I Want to be a Fire Truck

When I was a toddler I wanted to be a Fire Truck. Then when I was a little older, I wanted to be a Lawyer. Then when I was a bit older again I wanted to be a Cabinet Maker, then a rock star. Now i’m an Engineer.

Image Credit: bit.ly/1gKy8pG

Image Credit: bit.ly/1gKy8pG 

My point is that it always seems we should have some idea of the direction in which we want to/are meant to head. But really, we probably don’t. Ultimately the majority of us just fall into place, somewhere that our education has dictated we belong, or somewhere that our connections have placed us. We then just keep turning up. We stop asking questions. Wait for the next pay packet. Then figure out how to spend it.

I can’t accept this.

I overheard a conversation on the train this morning, on my way to my desk. A lady was telling her friend about how her child seems to have figured out what he wants to do with his life. He wants to be a physio because he is good at maths and sport. It seems to me that as adults we expect that our children should be making decisions so young as to what they want to do with the entirety of their lives, and that it is expected of them to do that thing they decide on so young, their entire life. We scare them into thinking that if they make the wrong decisions they will be stuffed.

Perhaps life is more about the journey than the destination. Perhaps we should concentrate on enjoying the right now than exposing ourselves to stressful and unenjoyable situations in search of some ultimate goal or job that we don’t know yet if we will even enjoy. The workforce is so far removed from the education system that we are simply not giving our youth realistic expectations.

I am no wise old Wizard. I’m just a young man, confused and lost, starting off on my pursuit of happiness. I feel though that my wisdom is growing. Money no longer controls my thoughts. Though money is necessary in this life, and I do aim to make my own, passion, people and love are taking over my mind.

If I could, and I hope I soon do, speak to the (ultra) young people (i’m still very young) currently going through school and being asked to make decisions for their future. I would tell them to do whatever it is that makes them happy, and do it better than anyone else. Choose subjects based on what you enjoy and not on what prerequisites a particular course at university might have. If you are doing classes that you don’t enjoy in order to get into a University course. You’re probably not going to enjoy the University course. Success is personal. If you’re measuring your success based on someone elses opinion of you, you’re doing it wrong.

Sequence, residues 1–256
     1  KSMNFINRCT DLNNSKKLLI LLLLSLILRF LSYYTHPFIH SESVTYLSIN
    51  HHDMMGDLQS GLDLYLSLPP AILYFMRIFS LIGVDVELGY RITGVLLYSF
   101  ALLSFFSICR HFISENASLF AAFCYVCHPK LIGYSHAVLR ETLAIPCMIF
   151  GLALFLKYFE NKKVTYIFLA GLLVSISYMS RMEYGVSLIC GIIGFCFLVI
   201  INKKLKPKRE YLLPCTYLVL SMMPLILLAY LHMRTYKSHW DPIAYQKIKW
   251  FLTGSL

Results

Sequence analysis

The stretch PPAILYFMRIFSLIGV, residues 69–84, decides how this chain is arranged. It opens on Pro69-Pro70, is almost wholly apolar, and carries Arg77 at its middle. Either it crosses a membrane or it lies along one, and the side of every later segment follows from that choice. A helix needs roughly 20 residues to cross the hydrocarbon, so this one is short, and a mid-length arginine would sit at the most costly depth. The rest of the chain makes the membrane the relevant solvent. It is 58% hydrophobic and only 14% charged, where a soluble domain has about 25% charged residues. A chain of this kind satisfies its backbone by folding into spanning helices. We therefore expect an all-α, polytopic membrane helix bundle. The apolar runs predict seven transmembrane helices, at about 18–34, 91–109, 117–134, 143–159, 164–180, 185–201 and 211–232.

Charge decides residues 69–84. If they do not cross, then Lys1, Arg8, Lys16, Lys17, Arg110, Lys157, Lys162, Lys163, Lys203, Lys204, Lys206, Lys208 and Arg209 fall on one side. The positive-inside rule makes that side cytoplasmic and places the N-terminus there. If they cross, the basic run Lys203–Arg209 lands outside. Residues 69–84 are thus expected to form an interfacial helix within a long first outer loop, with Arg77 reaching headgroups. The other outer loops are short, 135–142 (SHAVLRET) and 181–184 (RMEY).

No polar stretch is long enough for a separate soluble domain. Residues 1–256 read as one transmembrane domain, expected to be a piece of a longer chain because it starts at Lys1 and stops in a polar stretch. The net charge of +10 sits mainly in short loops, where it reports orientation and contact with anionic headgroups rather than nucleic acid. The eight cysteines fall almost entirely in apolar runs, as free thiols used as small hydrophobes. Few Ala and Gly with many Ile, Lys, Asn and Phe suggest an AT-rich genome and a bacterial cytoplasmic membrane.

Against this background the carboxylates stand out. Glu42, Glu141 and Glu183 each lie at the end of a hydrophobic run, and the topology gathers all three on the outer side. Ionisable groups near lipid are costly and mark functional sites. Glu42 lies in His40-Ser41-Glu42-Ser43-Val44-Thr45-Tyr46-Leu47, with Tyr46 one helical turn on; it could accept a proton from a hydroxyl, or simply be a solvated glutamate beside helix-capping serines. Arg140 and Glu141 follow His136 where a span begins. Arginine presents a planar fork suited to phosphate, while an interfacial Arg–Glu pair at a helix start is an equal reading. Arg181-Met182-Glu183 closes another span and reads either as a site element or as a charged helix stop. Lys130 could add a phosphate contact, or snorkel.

So, really, the moral of my story is enjoy now. Now will never come again, and if you spend now worrying about then, when then comes, no doubt you will be worrying about the next then. Don’t get lazy, keep pushing forward, keep doing what you love, keep drawing, building, creating, writing, reading, traveling etc. If you’re not doing what you love, then you have simply not thought hard enough about how to get yourself there. In Australia, there is no excuse, everything you could possibly need is at your fingertips. Go out and get it. Quit complaining.

Btw, as of right now, I have:

  • 7.17 days;
  • 172.10 hours;
  • 10,326 minutes; or
  • 619,560 seconds left until I am no longer an engineer.

In one and a half weeks from now my life will be entirely different.

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NO, NO, NO! WRONG!

Earlier this week I was listening to a Ted Talk on creativity, and how we are now living in a world where mistakes are stigmatized. We are taught that making a mistake is unacceptable and that we must do everything possible to avoid them. The talk (at 5:00 mins) gives an example of three children who were reenacting the nativity scene and were playing the three kings. The first child came forward and said “I bring you Gold”, the second came forward and said “I bring you Mare” and the third came forward and said “Frank sent this”. The third child clearly not understanding what Frankincense was, but the point rather is that, as a child, he was not afraid to have a go. He was not afraid of being wrong.